Lastly, what are your thoughts on the following. The opening in the rubber umbilical guide where the ICV wire exits is sized for a ~4.5mm OD wire sheath. In order to run the 5x16ga wires for fully sequential injection, I need to use a sheath that is ~9mm OD. I have test-fitted this, and physically I can get it to run through there. However, I have some concern that over time the rubber may split open, being stretched to ~2X its original circumference. Information I have found online indicates that vulcanized rubber can be stretched to well past 3X its original length without issues, but if anyone here happens to know a lot about rubber compounds I'd appreciate thoughts on whether I should reconsider this. It really is the ideal spot to route the injector wiring through!

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          #34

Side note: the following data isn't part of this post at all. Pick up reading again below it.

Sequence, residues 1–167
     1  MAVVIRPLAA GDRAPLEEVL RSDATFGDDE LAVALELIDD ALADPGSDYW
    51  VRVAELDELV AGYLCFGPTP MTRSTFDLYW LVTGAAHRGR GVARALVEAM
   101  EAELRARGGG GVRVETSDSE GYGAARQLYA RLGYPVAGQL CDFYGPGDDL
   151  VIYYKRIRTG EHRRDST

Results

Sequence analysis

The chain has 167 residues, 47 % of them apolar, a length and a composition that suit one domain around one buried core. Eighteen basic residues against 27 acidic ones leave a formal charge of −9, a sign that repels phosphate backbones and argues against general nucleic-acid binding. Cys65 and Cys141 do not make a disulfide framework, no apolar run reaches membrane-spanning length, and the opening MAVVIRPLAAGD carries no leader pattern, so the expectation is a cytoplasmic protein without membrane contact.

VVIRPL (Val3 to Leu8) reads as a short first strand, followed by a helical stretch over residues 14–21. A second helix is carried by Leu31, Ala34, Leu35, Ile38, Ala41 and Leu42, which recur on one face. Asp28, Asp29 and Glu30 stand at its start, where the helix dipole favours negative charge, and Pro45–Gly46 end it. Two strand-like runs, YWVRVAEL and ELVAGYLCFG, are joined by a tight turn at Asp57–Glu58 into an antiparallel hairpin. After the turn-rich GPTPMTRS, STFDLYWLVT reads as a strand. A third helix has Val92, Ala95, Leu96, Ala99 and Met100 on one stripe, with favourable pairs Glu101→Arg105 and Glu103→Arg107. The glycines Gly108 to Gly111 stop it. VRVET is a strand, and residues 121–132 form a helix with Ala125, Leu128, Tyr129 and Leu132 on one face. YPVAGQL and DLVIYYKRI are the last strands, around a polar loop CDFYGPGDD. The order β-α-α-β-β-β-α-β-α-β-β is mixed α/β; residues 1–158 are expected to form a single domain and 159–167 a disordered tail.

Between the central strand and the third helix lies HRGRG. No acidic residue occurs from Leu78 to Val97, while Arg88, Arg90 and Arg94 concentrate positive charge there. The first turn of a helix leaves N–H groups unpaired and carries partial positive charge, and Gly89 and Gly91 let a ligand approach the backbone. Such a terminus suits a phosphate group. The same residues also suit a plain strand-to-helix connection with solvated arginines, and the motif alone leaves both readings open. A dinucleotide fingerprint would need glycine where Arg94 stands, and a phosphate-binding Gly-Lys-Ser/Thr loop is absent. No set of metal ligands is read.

I spent a number of hours yesterday tearing-down my spare harness and cleaning it. It took nearly a pint of 99% isopropyl alcohol to get the tape residue and grime off of all of the wires. If you have ever worked on one of these old harnesses, you know the pain of dealing with that nasty tape adhesive! It was a task that I had not been looking forward to one bit, since I had done it once before at the start of 2020 when I cleaned up and modded the harness that is in the car now (integrated MAF & WBO2 wiring, properly routed/trimmed ignition coil leads: all for the stock ECU). This time was a little easier since I COMPLETELY took the harness apart...I completely de-pinned the ECU plug & relay sockets, chopped off all of the JPT plugs for the various sensors & actuators and permanently removed all but 5 terminals from the diagnostic plug (leaving only the ones needed for SI light reset & the tach signal). Most of the wire sheaths were removed, with only the little pieces near C101 and the diagnostic plug are going to remain. The sheaths on the main power & ground wires will be removed when I chop apart the splices, since I need to add / change wires in those bundles. My pile of "scrap" harness wires is as large as what remains! I took some pictures, but they are at home on my camera, so I'll see about posting some of those up later today.